FEDERAL WAY, Wash. (AP) — Chris Colwill rallied from third place to win the men's 3-meter springboard in the U.S. Olympic trials Sunday, while Troy Dumais held off Kristian Ipsen in the final round to finish second and reach his fourth Olympics in the event.
Colwill entered the finals more than 42 points behind Ispen, but was the best of the trio in the finale. He scored at least 74 points on all six of his dives and qualified for his second Olympics in the event. Colwill finished 12th at the 2008 Olympics in Beijing.
"Competing in the Olympics that definitely was the biggest pressure, but I felt like I did a good job and enjoy myself and have fun and not worry so much about how the event was going to go and embrace the environment," Colwill said.
Entering the final round, the three divers were separated by a mere 2.40 points and all three had their favorite dives for their finale. Colwill scored 99.75, the highest of the competition, on a reverse 3 1/2 somersaults on his final dive that because of a higher degree-of-difficulty than the other two, all but clinched the title.
Dumais moved his signature dive, a forward 2 1/2 somersaults with 2 twists pike, to the final round believing the event could come down to the last dive. The decision was a wise one, with Dumais scoring 91.80 and forcing Ispen to score 93.05 on his final dive to tie. Ipsen's final dive was excellent — a reverse 1 1/2 with 3 1/2 twists — but the 91.80 wasn't enough to overcome Duamis' lead for the second Olympic spot.
Ipsen thought initially it was going to be enough.
"I thought I had made it," Ipsen said.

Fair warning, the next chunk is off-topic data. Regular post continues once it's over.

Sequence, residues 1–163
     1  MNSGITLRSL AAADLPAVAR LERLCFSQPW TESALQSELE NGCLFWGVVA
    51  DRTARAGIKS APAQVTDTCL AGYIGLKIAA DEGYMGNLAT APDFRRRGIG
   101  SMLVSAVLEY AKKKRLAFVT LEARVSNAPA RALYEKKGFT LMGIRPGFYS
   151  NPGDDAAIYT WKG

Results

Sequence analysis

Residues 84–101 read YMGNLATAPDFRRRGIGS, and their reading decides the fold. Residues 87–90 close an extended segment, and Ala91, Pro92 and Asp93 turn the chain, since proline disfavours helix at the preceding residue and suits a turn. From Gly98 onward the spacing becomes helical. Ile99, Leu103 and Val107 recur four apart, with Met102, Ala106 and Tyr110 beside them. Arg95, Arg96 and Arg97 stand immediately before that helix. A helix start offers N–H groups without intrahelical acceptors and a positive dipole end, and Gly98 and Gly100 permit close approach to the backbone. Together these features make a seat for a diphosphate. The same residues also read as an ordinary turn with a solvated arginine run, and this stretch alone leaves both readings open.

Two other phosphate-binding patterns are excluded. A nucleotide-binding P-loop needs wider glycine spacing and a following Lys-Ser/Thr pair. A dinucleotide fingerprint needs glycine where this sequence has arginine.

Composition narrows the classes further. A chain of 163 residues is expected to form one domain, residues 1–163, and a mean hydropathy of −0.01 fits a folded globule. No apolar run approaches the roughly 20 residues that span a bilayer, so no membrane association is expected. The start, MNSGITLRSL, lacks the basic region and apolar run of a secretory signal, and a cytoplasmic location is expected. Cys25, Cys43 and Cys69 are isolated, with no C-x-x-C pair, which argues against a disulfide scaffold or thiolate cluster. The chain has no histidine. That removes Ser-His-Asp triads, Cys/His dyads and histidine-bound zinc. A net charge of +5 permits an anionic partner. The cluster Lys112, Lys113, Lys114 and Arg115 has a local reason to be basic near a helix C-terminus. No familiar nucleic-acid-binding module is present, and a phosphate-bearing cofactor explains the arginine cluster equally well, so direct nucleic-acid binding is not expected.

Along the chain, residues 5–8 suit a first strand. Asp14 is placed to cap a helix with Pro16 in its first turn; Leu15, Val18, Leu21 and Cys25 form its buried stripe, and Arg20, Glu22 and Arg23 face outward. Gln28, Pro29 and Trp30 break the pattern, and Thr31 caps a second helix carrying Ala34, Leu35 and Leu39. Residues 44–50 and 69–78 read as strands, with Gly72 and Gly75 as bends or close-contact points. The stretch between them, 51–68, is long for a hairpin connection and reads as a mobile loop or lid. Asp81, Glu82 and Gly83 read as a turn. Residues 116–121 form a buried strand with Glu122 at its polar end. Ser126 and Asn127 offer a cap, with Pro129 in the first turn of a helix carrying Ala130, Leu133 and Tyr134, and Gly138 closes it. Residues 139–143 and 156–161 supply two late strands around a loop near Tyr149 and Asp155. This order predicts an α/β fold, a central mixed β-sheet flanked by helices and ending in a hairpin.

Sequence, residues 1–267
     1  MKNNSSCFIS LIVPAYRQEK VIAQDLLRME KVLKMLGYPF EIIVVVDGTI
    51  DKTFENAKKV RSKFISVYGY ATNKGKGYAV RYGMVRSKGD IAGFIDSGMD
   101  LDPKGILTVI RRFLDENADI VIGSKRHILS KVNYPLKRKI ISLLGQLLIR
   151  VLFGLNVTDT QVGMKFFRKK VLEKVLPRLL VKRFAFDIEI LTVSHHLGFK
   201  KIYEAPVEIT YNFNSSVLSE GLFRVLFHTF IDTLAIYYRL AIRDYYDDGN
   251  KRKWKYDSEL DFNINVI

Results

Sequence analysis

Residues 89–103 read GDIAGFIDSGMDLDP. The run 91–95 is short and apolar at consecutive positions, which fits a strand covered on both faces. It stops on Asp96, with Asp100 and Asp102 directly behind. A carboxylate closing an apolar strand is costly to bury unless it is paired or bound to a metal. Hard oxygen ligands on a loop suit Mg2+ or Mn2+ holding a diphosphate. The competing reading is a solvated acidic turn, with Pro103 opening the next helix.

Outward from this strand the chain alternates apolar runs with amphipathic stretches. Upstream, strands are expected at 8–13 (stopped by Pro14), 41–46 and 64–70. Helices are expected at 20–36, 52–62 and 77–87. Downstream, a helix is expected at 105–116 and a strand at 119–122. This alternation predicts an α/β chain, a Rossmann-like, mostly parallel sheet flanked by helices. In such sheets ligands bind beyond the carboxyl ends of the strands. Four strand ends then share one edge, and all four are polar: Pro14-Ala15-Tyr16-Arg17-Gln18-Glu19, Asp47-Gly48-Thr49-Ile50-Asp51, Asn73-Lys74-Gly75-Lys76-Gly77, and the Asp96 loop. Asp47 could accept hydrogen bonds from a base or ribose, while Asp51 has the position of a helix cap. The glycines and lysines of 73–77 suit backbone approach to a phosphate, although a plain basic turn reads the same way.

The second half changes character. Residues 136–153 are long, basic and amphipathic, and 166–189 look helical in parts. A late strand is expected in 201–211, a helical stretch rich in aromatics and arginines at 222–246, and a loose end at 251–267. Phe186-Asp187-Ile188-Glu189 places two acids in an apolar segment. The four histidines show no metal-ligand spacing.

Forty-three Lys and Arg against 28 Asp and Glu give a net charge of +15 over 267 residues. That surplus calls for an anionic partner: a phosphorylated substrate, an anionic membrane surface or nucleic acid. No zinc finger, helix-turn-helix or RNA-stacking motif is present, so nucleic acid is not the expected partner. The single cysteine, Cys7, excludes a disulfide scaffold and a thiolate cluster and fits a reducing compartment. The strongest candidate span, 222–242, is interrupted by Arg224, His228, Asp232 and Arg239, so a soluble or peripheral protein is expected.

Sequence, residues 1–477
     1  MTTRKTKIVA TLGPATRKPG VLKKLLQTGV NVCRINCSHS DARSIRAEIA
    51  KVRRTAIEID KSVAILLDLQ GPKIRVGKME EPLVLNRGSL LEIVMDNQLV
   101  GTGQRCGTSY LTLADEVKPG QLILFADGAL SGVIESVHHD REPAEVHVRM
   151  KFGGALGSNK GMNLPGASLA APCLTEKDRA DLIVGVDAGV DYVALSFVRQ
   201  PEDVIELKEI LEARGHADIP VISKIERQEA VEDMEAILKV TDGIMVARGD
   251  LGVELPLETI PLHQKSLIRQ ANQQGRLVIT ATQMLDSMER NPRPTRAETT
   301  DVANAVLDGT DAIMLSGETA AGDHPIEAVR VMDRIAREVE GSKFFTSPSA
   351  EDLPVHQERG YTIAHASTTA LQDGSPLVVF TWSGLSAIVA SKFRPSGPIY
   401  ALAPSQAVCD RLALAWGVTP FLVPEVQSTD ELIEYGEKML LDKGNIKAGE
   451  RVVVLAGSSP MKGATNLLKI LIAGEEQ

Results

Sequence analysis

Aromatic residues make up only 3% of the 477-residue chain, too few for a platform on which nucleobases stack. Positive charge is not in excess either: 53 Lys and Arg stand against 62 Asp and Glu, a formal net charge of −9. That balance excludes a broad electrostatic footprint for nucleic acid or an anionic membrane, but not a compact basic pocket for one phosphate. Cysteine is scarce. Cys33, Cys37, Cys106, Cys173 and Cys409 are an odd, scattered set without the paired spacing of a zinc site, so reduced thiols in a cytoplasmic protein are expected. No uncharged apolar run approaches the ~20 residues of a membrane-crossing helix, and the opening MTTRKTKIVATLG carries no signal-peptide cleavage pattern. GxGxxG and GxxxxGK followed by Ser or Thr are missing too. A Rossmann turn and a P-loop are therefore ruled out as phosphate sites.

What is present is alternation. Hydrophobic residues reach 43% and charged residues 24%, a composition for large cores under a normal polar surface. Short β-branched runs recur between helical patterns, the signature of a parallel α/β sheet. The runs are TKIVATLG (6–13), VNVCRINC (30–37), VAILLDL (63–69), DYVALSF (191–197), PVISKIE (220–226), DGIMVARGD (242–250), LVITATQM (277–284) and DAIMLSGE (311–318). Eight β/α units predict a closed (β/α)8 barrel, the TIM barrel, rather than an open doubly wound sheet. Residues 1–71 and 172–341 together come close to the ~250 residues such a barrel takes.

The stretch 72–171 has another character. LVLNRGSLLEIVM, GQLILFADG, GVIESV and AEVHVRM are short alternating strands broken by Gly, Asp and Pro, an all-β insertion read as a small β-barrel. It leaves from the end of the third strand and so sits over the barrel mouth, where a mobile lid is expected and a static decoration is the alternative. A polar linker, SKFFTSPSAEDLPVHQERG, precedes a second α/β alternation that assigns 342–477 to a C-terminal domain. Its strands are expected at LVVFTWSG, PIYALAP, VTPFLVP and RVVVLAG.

Ipsen led throughout the entire competition until the fifth-round when his reverse 3 1/2 somersaults came up well short and scored just 47.25 points. His entire lead, which had been slightly chipped in to by both Dumais and Colwill, was gone and an audible gasp came from the crowd when the scoreboard showed Ipsen now in third place.
What appeared to be a competition between Colwill and Dumais for the final qualifying spot suddenly became a three-way race for two trips to London.
"I knew this was going to be a nail-biter. I knew it was and htat's why I switched my list ... knowing it was going to come down to the last dive," Dumais said. "... I would rather put pressure on a dive that I knew I was capable of doing and luckily it panned out. I knew how to do my last dive."
Dumais and Ipsen already had their tickets for London winning the 3-meter synchro title. Colwill, who is 60 percent hearing impaired, was left with the 3-meter as his hope for going to a second straight Olympics. His key dive came in the fourth round when he scored 85.00 on a reverse 1 1/2 with 3 1/2 twists.
"I missed that big time in prelims and the reason why I was struggling behind trying to keep up with the pack," Colwill said. "I need to make sure that was going to go down solid."